Daniel Summers calls on chemical engineers to take advantage of opportunities to improve the efficiency of distillation operations
"DISTILLATION is a mature unit operation” and “Nothing new will become of distillation operations.” Where have we all heard that before? I heard those statements as a young engineer numerous times in the 1970s and early 1980s. Since then, I have seen the development of new types of tower internals such as truncated type downcomers on trays, fourth generation random packing and “streamlined” structured packings. We have also seen new ways to configure towers such as dividing wall columns or the use of pinch technology. The industry has also become focused on ways to improve design and operational methods through process intensification. Yes, I agree that distillation uses a lot of energy to boil everything multiple times (ie reflux ratio) but it continues to provide 98% of separations for the global bulk chemical and refining industries. Why? Because it is cost effective. I would like to point out here that when properly heat integrated, the distillation energy footprint can typically be reduced by as much as 50%. Yet, in this new practical series we’ll learn how there are more efficiencies to gain, and much needed ones given the urgent demand for us to help our employers reduce emissions.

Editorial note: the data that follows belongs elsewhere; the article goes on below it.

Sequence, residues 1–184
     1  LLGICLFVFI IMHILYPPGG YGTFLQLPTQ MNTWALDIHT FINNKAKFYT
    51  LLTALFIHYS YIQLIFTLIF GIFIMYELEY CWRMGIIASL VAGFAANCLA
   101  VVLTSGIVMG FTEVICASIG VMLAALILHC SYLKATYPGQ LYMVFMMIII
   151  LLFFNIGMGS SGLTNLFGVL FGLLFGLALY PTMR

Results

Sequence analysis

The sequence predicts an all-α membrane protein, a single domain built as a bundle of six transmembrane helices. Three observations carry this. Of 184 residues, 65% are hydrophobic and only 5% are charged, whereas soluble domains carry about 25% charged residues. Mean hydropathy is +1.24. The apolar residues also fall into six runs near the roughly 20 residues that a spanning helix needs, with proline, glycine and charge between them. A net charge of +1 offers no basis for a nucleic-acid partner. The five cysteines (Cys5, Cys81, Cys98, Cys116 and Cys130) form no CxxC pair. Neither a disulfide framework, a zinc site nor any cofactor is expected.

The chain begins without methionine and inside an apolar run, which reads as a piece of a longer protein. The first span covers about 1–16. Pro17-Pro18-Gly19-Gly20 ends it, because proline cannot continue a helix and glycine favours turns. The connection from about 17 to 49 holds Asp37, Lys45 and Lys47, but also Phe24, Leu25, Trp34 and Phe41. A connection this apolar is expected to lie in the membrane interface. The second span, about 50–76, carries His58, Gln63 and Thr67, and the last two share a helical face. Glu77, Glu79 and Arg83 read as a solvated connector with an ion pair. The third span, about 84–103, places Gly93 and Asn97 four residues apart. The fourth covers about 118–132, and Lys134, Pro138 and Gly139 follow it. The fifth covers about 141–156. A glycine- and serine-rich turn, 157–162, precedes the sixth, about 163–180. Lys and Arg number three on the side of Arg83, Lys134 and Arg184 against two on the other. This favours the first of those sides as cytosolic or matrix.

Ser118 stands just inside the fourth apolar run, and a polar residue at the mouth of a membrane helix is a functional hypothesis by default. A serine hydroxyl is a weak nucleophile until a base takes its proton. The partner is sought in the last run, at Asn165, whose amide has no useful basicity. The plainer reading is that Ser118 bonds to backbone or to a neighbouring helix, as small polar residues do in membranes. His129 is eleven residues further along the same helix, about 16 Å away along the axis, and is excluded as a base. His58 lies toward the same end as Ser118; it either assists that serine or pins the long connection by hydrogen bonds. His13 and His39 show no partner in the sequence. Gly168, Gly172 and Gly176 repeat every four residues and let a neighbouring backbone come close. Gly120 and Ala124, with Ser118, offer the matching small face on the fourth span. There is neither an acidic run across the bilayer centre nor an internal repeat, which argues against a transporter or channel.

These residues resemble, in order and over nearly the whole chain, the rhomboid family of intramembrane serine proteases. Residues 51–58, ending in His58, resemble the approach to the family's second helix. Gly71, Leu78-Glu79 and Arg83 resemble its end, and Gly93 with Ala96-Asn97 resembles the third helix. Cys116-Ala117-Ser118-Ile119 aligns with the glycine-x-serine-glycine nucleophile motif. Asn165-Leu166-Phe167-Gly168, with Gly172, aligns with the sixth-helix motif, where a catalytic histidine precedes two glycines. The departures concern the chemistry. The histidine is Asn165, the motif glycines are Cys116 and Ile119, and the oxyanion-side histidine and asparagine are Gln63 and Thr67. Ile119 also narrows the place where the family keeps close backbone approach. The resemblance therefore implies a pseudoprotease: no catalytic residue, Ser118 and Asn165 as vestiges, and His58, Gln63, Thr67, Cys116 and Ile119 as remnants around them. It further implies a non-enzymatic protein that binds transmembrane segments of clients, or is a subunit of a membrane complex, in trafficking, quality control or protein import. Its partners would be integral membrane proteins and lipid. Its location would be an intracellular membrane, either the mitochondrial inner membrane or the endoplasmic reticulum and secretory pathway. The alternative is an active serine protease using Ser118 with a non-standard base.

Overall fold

Distillation experts from across the chemical engineering community will provide methods on improving energy utilisation, reducing capital costs, and enhancing design and operational performance to help industrial companies to retain competitiveness and bolster sustainability. Ultimately, the series aims to furnish readers with the information needed to propose meaningful changes to the design and operation of distillation units, and gain support for implementing these changes from their management.
This issue we will read about the opportunities of multiwalled dividing wall columns, and then in the subsequent issues learn about enhanced distillation control, safe operational optimisation, hybrid distillation and exciting new tower internals.
Dividing wall columns are not new. The idea was generated in the 1960’s by Petlyuk. It wasn’t however until the mid to late 1980s, that the industry began to seriously look at the 30% energy and capital savings potential these type towers have to offer. The first article in this series takes the dividing wall concept further by placing multiple walls in a single vessel (see p23).
Distillation control has typically been focused on maintaining product purity and recovery. Today however, energy consumption also needs to be taken into account. I find the article in this series to be especially focused on how to “tune” the controls such that excessive purity is avoided in distillation thus conserving energy.
Operational safety of distillation towers is often taken for granted. During my career, I have been more focused on the safety aspects of getting in and out of towers during a turnaround. The article in this series refreshingly focuses on aspects often overlooked with new types of distillation internals or different tower configurations.